All he knew was riding, riding, riding. And he was tired of it, and his horse was tired. Why, then, were they riding? Under damned attack – in his own country, in his own land.
Then it struck Gerard. That was the plan. That was what the damned Ormons wanted. Send out these measly Stordish bastards after him and tire them out, then let the Ormons finish them off.
He slowed his horse and the riders behind him were forced to stumble to a halt.
Gerard yelled, “ABOUT FACE!” and sent up the attack command with his arm.
“Your Majesty?” asked two generals, rearing in their mounts around him.
“You heard me! About bloody face! We’re fleeing these bastards and that’s exactly what they want us to do! We will not run from Ormon assholes in Ghiverny! Now turn around and charge them! Fight! Fight them! Fight!” Gerard hollered. He would not back down from a fight in Ghiverny, no, nor anywhere else.
His men roared all around him and the words, “Fight!” rolled through the ranks like a wave.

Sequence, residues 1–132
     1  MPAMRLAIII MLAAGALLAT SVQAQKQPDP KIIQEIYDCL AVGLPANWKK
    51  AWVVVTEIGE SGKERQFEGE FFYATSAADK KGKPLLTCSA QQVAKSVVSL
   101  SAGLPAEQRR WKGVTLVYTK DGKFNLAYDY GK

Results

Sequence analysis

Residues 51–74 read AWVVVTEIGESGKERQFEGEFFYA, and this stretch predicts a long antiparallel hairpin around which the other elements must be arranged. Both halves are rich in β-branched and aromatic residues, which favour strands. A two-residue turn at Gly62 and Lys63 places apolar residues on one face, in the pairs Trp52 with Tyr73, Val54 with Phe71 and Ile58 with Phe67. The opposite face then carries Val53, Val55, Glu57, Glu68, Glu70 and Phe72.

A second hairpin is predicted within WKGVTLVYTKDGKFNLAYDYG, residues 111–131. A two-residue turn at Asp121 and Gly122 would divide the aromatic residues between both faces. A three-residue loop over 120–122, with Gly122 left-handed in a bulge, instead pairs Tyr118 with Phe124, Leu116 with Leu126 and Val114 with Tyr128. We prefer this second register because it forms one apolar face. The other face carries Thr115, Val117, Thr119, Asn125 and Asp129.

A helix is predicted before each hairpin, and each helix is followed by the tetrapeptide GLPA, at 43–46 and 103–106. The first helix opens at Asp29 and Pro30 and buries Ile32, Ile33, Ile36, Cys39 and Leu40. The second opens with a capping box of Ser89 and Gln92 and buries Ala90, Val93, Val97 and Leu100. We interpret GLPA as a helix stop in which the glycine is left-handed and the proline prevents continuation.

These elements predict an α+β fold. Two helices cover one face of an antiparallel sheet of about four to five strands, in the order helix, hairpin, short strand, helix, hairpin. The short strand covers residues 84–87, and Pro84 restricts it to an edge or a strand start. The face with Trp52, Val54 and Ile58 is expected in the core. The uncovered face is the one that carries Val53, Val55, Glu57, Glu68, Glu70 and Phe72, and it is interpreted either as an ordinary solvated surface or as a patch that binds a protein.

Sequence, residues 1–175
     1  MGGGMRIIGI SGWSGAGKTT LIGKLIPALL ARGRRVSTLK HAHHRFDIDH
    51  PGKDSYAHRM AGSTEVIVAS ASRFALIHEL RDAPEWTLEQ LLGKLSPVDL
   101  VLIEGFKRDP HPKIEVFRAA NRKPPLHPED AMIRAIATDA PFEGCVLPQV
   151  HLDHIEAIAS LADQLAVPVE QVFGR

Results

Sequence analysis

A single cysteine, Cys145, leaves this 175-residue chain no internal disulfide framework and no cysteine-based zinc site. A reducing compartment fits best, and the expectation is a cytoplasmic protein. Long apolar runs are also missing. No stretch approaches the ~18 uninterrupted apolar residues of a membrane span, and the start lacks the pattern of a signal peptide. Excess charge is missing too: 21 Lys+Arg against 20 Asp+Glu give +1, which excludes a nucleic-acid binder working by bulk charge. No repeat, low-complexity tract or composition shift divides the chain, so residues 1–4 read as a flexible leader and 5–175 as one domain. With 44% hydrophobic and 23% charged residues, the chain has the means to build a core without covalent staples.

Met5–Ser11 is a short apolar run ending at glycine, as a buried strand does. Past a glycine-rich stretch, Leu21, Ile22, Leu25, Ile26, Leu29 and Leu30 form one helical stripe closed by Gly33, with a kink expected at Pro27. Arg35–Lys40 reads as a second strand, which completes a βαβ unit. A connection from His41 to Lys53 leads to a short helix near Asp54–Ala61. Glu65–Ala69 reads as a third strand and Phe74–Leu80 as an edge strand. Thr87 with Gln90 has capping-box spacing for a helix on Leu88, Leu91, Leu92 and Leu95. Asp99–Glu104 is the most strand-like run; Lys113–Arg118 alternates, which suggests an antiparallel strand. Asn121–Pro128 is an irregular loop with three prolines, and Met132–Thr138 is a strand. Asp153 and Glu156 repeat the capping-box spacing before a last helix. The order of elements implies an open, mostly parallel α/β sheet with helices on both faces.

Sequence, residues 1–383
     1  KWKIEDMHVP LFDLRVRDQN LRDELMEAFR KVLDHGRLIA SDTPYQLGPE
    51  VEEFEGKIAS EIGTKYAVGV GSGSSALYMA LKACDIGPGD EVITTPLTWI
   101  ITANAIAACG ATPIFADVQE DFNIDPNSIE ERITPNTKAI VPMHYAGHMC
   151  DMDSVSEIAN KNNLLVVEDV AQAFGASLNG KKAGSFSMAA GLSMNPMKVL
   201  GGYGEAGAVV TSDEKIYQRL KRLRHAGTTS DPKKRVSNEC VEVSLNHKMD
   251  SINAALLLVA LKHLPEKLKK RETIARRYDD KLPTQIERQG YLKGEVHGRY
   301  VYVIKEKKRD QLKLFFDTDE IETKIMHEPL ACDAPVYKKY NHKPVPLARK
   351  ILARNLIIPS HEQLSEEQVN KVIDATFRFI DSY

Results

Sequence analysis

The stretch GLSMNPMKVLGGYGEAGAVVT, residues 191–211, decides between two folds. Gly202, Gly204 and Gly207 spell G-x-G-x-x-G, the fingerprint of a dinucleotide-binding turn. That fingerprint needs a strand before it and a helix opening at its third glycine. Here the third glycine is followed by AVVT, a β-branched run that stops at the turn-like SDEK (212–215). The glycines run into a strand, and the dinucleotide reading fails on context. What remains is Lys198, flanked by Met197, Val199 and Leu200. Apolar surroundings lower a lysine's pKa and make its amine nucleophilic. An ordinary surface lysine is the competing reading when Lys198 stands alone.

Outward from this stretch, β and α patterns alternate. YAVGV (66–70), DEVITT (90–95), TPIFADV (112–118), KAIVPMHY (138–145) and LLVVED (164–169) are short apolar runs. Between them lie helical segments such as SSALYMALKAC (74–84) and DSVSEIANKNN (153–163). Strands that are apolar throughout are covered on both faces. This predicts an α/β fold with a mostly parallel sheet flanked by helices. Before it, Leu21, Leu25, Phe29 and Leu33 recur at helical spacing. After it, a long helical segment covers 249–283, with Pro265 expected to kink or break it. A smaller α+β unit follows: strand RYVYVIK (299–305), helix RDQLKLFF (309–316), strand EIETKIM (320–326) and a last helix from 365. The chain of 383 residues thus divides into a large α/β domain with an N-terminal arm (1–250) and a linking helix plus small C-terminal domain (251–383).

And then Gerard knew little more but slashing and hacking, and blood. He led the fray into the midst of those damnable Stordish shits and he sheared through them like pigeon parchment with Long Claw.
Three grandfathers ago, King Nordon had preferred a pike, and of more notoriety had been several kings before that, King Crandal, the Axe-Fisted, named so for fighting Ormons during the Ormon-Ghiverny skirmishes with a hand axe rather than Long Claw. Gerard wasn’t sure what action spurred him to using the hand axe, as the little Queen out in the West, now the Cleaver Queen as her grandfather was known to be the Cleaver King. But, Gerard thought as he sliced through another opponent, he had known infamy for it.